Safari Series: Magnificent in appearance, bizarre in form, unique in gait …

Supposedly, some of the earliest writings about the Giraffe are from the eighteenth century, when biologists described it as “magnificent in appearance, bizarre in form, unique in gait, colossal in height, and inoffensive in character.” I think they pretty much nailed it. I’ve already made my feelings about giraffes well-known, so I won’t say any more than that. Instead, a selection of random giraffe facts for your (hopefully) enjoyment:

Giraffes are the tallest animal on Earth. They are usually around six feet tall at birth, and grow as rapidly as an inch per day until they reach a full height of 14 – 17 feet. The tallest giraffes may grow up to 20 feet.

An adult Giraffe’s tail is usually around eight feet long.

An adult Giraffe’s tongue is usually around 18 inches long.

Despite the length of the Giraffe’s neck, it has only seven vertebrae — the same number as humans and most other land mammals.

Adult giraffes have no predators because of their size, but lions will occasionally go after baby giraffes.

A giraffe has to bend or splay its legs to drink water, because otherwise it may faint from the rush of blood to its head when it lifts it back up.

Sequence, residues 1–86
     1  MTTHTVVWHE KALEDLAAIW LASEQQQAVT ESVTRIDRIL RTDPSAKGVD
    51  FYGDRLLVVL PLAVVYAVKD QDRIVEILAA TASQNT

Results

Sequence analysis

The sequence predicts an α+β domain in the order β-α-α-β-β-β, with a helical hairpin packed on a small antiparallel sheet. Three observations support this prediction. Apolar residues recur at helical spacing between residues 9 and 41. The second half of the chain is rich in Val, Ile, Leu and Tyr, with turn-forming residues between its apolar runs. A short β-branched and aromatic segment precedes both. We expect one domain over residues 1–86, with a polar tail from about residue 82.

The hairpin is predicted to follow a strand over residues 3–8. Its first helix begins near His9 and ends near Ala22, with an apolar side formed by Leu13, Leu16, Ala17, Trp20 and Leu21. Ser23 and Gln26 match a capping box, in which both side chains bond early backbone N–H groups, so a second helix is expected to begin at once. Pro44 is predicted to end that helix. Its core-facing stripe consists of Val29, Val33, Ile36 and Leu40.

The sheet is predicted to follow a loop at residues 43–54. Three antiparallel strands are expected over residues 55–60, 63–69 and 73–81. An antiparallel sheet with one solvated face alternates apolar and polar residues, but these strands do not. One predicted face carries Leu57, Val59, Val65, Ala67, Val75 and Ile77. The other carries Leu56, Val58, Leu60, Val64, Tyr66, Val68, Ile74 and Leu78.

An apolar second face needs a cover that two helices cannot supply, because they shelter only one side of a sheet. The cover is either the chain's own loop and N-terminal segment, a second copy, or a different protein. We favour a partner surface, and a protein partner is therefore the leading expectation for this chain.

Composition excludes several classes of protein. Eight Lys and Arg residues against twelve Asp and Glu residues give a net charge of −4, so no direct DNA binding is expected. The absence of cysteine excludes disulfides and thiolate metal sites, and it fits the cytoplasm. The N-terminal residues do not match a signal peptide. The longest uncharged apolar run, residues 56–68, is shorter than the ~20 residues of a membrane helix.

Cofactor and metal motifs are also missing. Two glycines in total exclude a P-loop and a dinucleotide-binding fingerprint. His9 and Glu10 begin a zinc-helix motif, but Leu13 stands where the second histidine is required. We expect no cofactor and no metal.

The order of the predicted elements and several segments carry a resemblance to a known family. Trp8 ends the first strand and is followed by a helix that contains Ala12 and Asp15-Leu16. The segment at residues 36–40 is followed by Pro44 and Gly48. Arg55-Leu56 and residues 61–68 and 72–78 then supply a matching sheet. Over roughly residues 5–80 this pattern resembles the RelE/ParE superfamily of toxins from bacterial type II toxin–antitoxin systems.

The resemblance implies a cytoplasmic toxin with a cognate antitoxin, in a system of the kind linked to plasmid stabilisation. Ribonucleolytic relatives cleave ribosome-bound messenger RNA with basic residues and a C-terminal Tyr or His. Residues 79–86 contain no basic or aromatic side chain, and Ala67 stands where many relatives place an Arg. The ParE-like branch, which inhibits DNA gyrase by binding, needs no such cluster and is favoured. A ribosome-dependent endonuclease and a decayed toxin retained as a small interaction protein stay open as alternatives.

Giraffes spend up to 20 hours a day eating (the main component of their diet is leaves of thorny Acacia trees) and only about 30 minutes a day sleeping.

Giraffes have a walking gait that is unlike most animals — they swing both right legs forward, and then both left legs. When running, their gait changes, and the swing both hind legs outside of and in front of the front legs. They can run up to 35 mph.

There are at least six and possibly up to ten subspecies of giraffes (I could probably find the exact answer with a little bit more research, but I figure you can live with a little uncertainty on this topic). The subspecies can be distinguished from each other by their markings, as you can see in this image:

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Serengeti is home to the Masai Giraffe, and I’m very happy to report that we saw tons of giraffes. We got to see a lot of them really close-up, which I always love, but one of the great things about seeing giraffes is that they’re so big that you can see and appreciate them even from far away, almost as part of the landscape.

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P.S. This is officially the END of “Daniel in Africa: Safari Series.” I hope you’ve enjoyed it! There will be a quiz.

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